The following is the first part of an interview series with the creators of the soon-to-be-released indie World War II shooter Day of Infamy, New World Interactive. Members of the team got their start in development by working on mods such as Insurgency, Black Mesa, Nuclear Dawn, and many others.
Thus, Day of Infamy is both a game and mod platform, borne out of previous work in the modding scene. It’s a winding history that fans are calling “Modception”: a mod of a game, which was a mod of a game, which itself began as another mod of another game. Find out how all that makes sense below, and in future parts of the Modception interview series.
If you ask Andrew Spearin, creative director at Day of Infamy’s development studio New World Interactive, he’ll tell you that Half-Life is regarded as “the greatest shooter ever made”. It’s not solely because of the game’s individual quality, but rather how it fostered a modding community that was allowed the capacity to produce work to the point of commercial game releases. “It’s a fine example to learn from,” Spearin continues, citing one of these mods-turned-games – the original Day of Defeat – as having a “profound impact” on the way mods were perceived as a whole.
"The Source mod community has always been at the forefront of growing what we now call the Indie generation"
It also impacted the team enough that they were inspired to investigate the Source SDK, and venture into modding themselves with the aim of creating Insurgency – a modern warfare realism combat mod akin to a present-day version of Day of Defeat. “The Source mod community has always been at the forefront of growing what we now call the Indie generation,” says Spearin. “We were lucky enough to attract highly talented aspiring professionals and build Insurgency as a mod over many years. A handful of us who worked on the original mod are with New World today, including the co-founders, myself and Jeremy Blum.”
Releasing in 2007 just under a month before Call of Duty 4: Modern Warfare, the original Insurgency mod was part of the first wave of modern military shooters that have since dominated the genre after its long-standing fascination with World War II. The team eventually rebuilt Insurgency from the ground up to release as a standalone game in 2014 – but this time, with the inclusion of its own mod support.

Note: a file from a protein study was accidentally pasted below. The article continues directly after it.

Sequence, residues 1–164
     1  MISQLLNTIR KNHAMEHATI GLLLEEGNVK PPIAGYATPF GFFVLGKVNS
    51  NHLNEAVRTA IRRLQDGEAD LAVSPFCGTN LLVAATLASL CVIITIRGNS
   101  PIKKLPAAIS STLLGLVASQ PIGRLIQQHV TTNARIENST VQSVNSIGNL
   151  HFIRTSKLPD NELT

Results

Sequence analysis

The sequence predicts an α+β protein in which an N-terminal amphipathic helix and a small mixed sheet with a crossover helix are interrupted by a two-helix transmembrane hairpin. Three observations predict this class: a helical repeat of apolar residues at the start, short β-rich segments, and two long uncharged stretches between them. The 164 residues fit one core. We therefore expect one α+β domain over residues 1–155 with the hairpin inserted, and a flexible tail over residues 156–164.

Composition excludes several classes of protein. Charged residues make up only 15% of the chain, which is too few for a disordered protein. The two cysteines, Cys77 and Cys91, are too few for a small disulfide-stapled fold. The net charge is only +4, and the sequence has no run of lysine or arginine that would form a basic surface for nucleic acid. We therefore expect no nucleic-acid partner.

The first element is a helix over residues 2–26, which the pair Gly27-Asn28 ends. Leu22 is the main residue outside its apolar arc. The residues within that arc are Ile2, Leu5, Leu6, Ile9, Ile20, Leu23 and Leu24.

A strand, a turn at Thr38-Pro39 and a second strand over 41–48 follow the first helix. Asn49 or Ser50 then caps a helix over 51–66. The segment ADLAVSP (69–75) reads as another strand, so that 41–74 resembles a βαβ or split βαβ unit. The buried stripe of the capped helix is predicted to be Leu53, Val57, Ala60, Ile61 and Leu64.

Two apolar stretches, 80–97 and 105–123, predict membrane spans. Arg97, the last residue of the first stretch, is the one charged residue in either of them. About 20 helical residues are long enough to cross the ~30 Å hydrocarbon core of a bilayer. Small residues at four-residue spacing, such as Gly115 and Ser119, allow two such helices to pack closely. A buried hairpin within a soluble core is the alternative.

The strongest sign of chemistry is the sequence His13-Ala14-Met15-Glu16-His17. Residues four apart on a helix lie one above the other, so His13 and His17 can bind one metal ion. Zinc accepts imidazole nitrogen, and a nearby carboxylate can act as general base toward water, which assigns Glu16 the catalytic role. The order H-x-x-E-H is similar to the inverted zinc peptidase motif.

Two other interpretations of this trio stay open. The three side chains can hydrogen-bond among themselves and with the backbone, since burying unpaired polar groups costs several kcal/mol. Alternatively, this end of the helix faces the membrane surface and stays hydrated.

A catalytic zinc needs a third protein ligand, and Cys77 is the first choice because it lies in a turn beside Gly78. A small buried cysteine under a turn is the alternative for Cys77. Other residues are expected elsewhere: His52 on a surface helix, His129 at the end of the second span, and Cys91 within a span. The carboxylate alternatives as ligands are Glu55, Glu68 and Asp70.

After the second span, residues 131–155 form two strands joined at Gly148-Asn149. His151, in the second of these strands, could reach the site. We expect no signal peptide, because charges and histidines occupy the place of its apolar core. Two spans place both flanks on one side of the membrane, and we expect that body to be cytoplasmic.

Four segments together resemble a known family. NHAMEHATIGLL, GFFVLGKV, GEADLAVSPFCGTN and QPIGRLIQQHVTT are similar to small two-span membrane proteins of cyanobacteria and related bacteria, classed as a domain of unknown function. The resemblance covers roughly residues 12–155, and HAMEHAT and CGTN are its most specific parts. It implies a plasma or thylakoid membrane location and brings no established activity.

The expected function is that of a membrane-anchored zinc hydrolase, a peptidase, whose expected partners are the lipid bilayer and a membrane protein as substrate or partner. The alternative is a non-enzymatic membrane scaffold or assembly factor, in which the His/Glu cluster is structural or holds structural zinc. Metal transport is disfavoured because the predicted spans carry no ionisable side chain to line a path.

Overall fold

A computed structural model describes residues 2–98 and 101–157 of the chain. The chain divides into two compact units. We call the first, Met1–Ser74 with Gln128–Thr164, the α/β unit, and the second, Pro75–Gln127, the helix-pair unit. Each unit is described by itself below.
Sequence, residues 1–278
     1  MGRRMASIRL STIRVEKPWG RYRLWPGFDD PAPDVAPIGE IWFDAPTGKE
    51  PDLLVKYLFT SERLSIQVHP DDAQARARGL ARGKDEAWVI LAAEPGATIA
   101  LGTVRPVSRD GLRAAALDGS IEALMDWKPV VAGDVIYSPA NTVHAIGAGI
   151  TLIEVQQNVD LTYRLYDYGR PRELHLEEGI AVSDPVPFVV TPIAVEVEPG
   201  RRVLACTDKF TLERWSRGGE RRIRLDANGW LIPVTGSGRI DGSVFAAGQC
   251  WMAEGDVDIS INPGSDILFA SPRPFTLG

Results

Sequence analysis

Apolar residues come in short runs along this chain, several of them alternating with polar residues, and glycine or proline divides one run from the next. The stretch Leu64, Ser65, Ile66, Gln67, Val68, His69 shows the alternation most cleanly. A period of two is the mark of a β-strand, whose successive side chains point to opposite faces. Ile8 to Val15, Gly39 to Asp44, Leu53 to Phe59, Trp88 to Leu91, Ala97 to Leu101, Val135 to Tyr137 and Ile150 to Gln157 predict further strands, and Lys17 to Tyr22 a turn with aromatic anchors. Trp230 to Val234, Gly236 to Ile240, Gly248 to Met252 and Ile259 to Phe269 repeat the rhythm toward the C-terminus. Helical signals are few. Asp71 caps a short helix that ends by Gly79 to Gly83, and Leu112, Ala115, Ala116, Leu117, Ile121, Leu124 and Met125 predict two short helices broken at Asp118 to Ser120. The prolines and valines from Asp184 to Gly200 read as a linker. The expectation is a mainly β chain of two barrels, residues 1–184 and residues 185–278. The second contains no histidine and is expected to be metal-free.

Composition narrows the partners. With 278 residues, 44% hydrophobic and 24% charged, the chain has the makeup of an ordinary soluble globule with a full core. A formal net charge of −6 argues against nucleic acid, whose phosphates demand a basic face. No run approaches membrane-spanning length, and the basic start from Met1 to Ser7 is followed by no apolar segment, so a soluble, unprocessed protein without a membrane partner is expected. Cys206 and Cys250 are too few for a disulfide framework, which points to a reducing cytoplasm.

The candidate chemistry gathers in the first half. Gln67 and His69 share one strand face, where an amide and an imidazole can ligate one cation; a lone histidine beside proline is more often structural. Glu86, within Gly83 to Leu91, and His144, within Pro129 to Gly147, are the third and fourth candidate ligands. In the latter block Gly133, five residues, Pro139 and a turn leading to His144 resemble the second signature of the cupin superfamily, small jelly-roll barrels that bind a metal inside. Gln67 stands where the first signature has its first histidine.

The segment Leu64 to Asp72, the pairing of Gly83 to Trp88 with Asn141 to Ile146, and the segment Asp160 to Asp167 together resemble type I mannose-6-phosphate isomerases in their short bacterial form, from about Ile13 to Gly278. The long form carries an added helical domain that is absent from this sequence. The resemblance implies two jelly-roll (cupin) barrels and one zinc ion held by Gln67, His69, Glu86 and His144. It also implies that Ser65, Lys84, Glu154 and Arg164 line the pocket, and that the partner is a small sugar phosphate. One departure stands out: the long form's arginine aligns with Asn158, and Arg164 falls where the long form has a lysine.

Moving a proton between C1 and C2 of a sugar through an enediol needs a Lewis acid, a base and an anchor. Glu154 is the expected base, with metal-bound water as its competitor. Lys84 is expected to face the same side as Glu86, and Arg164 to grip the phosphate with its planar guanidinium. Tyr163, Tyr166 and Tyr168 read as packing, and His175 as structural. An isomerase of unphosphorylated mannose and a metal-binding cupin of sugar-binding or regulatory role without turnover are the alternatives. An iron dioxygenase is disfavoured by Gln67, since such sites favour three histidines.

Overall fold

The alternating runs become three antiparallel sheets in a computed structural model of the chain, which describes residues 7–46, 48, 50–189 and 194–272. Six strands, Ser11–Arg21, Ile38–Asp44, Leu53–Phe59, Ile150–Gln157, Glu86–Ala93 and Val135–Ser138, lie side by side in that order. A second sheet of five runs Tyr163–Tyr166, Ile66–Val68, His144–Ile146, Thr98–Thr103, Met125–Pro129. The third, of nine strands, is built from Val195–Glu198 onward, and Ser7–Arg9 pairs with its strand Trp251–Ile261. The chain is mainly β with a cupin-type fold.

"We even asked Valve if there was another Day of Defeat in the pipeline (they said no), because we didn’t want to step on their toes"
“While experimenting with Insurgency’s mod platform, we started by importing Day of Defeat: Source assets,” Spearin explains. “We had also surveyed our community and a WWII theme scored high. We even asked Valve if there was another Day of Defeat in the pipeline (they said no), because we didn’t want to step on their toes.”
Toward the end of 2015, what emerged as an Insurgency mod was the original Day of Infamy. This World War II mod of a modern warfare game which itself started as a mod, saw over 100,000 Steam Workshop subscriptions in the first month it went live. This led New World Interactive to realise that a standalone Day of Infamy game was something the community was hungry for.
But with years of triple-A World War II games already on the market, it would need to distinguish itself and renew interest in the theatre. Given the game’s origins, that would be taken care of through its influences of hardcore tactical mods before it. “The primary design ingredients of Day of Infamy are from Insurgency, with a few Day of Defeat influences sprinkled in,” Spearin says. “The Source engine and WWII setting feel like Day of Defeat, and the pace of action is more like the original Day of Defeat 3.1 mod. We of course want Day of Infamy to be unique among all of the influential WWII titles from the past, but especially among the other indie WWII shooters coming out the woodwork since we launched the mod.”
For more on Day of Infamy’s unique approach to the World War II theatre, we’ll be back tomorrow with Part 2 of Modception: the Day of Infamy interview series.